Video Game / Hugo's House Of Horrors
A short adventure game from 1990. You play Hugo in a quest to rescue your girlfriend from a house inhabited by monsters. Followed up by two sequels, Whodunnit?
and Jungle of Doom
, and the basic premise was retooled as a Wolfenstein 3D
clone called Nitemare 3D
There's also a film called Hugo
that has nothing to do with the games.
This game provides examples of:
- Adventure Game
- Amateur Sleuth: Penelope
- Angry Guard Dog
- Arc Number: 333 is the solution to the combination lock in the first game and part of the phone number to dial in the second. Trying it on a safe later in the second game will just result in the game mocking you for thinking that would work again.
- Ascended Extra: Penelope in the Second Game.
- Behind the Black: A puzzle to cross an impassible chasm is to walk along the pixel-sized ledge that is not described in the room description, and not visible on-screen.
- Bound and Gagged: Penelope in the first game, though this is more of an Informed Attribute since we only ever see her shadow.
- Cutting the Knot: In Hugo 2, you encounter the old man again and it looks like he's going to be asking you a bunch of stupid questions again. Instead, Penelope just knocks him out and continues on.
- Damsel in Distress: Penelope in the first and third games.
- Decoy Protagonist: Hugo in the second game.
- Developers' Foresight:
- Try throwing those matches across the bridge in the second game.
- Or kissing the French Maid.
- Try typing "fuck" in the first.
- Funetik Aksent: The French Maid in the second game
- Happily Married Hugo and Penelope from the end of the first game, onward.
- Henpecked Husband: Penelope certainly nags Hugo a lot.
- Heroes Want Redheads
- Jungle Japes: The third game takes place there, where you must save Penelope from a poisonous demise.
- Let's Play: Pushing Up Roses and her companion Paw Dugan tackle this adventure with innuendos all around!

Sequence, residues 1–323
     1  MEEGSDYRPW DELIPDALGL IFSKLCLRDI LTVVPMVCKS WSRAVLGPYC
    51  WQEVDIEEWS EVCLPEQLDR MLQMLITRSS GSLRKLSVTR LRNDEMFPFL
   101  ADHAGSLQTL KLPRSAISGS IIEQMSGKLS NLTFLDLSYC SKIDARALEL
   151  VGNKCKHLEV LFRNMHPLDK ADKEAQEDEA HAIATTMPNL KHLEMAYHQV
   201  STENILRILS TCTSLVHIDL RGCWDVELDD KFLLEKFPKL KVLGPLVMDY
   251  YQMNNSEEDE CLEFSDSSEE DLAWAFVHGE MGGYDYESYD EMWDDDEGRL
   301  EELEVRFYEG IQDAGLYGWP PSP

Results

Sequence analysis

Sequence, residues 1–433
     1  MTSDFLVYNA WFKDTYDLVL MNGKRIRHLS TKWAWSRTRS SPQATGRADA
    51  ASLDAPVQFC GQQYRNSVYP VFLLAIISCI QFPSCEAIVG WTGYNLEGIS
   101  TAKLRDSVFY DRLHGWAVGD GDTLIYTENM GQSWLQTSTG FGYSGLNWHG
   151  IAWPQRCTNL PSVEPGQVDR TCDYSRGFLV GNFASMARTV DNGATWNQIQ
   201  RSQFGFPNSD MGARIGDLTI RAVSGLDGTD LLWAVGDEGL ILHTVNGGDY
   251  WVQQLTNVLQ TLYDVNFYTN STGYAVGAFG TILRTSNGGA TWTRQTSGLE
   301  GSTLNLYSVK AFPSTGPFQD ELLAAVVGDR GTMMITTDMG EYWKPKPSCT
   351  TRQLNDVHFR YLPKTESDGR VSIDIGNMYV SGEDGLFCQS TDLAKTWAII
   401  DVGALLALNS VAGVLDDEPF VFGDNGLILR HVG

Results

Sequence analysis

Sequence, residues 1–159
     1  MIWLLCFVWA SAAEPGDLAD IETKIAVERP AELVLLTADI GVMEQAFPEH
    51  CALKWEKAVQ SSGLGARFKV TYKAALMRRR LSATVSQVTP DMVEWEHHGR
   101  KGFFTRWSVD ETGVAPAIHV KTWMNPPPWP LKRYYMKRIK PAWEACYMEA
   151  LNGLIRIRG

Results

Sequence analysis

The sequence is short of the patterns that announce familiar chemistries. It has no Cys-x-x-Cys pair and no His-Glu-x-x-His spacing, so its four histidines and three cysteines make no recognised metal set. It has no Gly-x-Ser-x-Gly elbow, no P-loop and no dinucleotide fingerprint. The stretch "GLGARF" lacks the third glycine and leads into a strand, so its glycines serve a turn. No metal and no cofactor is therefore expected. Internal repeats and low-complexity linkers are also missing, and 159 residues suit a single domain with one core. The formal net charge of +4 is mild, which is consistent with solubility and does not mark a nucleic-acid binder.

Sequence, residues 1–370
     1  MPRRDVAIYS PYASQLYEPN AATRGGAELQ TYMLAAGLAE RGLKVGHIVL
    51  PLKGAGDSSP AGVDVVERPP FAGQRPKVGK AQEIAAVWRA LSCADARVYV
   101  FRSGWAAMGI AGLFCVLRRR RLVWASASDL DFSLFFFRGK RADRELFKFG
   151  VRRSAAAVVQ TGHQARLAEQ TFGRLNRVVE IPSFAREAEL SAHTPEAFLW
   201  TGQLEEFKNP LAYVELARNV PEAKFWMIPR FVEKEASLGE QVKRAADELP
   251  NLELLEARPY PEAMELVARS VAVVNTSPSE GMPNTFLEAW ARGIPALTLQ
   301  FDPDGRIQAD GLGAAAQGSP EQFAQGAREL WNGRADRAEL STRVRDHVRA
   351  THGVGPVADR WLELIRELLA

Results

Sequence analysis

- There's also a hilarious one by Yahtzee Croshaw and his partner (not gay) Gabriel.
- It's not with Gabriel; it's with a chimp that's been trained to imitate speech. But it certainly sounds like Gabriel, doesn't it?
- Locked Door: A couple.
- Mad Scientist
- Misplaced Wildlife: In the third game, the South American jungle has elephants, hyenas, and suspiciously African-looking natives.
- Amusingly enough, the game acknowledges the misplaced elephant, claiming it just escaped from a zoo.
- Monster Mash: Several monsters appear in the first game, most of which are having dinner.
- Red Herring: Lampshaded every time.
- In the second game, the final bits of evidence are red herrings based on Cliches. You instead have to locate the character without the cliché motive.
- Off with His Head!: If the butler from the first game approaches you while you're wearing the monster mask, he'll give you a pork chop. Let him catch you without it on, and you'll get this kind of chop instead.
- Paper Key-Retrieval Trick: In Hugo 2, the character you control encounter the locked door in a hallway but can't open it. It is opened in the finale, where Hugo puts the newspaper under the door and pushes the pencil through the keyhole to unlock the door, where you meet with a character in the hallway.
- Schmuck Bait: When you pick up the whistle in the first game, the game asks, "I wonder what the whistle does?" But if you blow it right away and go into the next room, you get killed by the dog. However, the whistle actually does have an important, positive use in the game.
- Shout-Out: The old man in the basement/cave asks you several questions relating to The Lord of the Rings, The Chronicles of Narnia, and The Hitchhiker's Guide to the Galaxy. Thankfully if you never saw them, then the help text will tell you the answers.
- The opening theme music is a mishmash of both the "Dragnet March" and the synthesizer lick from Boz Scaggs' "Lido Shuffle."
- The killer dog is accompanied by a brief clip of "(How Much Is) That Doggie in the Window?".
- In the sequel Hugo's girlfriend Penelope saves The Doctor from a Dalek, confusing the hell out of a lot of stateside players who weren't familiar with British programming (the BBC America channel wouldn't exist for another seven years after the game). In fact, a few strategy guides written at the time treat it as a Big Lipped Alligator Moment.
- Trial-and-Error Gameplay: Typically for its genre and era, experimenting with items has a very high probability of resulting in death.
- Twist Ending: The murder in the second game? That was actually Hugo's uncle and cousin rehearsing a play where they play the victim and killer, respectively.
- The Unseen: Penelope is only seen as a silhouette in the first game, but gets an actual sprite in the second game.
- Unwinnable by Design: in the second game, woe betide you if you get those matches wet when they accidentally drop into the water. The solution is to drop the matches, pick them up, drop them again, pick them up again...
- We Were Rehearsing a Play: In the second game, when describing a certain event.
- You Can't Get Ye Flask: Parodied:
Please say "undo bolt".